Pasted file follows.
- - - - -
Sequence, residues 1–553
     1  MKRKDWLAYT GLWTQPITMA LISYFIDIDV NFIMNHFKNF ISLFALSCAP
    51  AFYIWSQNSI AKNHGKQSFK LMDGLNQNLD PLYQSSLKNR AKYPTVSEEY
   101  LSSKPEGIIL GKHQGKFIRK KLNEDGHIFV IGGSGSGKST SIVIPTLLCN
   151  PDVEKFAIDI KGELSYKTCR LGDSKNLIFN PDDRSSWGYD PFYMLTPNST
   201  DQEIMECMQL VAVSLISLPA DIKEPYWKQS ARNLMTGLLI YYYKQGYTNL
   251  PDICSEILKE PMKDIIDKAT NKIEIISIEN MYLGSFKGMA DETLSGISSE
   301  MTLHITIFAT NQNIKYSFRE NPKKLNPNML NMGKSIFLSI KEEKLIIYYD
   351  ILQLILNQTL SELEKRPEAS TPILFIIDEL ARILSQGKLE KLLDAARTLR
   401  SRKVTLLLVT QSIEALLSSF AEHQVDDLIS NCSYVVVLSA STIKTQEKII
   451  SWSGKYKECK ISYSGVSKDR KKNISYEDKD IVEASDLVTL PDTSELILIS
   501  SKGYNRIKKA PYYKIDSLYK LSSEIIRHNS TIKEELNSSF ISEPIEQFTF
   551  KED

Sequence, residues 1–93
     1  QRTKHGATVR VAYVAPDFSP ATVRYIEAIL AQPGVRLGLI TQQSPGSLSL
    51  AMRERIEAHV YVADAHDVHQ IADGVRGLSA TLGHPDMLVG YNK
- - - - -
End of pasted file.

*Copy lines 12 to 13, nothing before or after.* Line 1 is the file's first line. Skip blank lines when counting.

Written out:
   501  SKGYNRIKKA PYYKIDSLYK LSSEIIRHNS TIKEELNSSF ISEPIEQFTF
   551  KED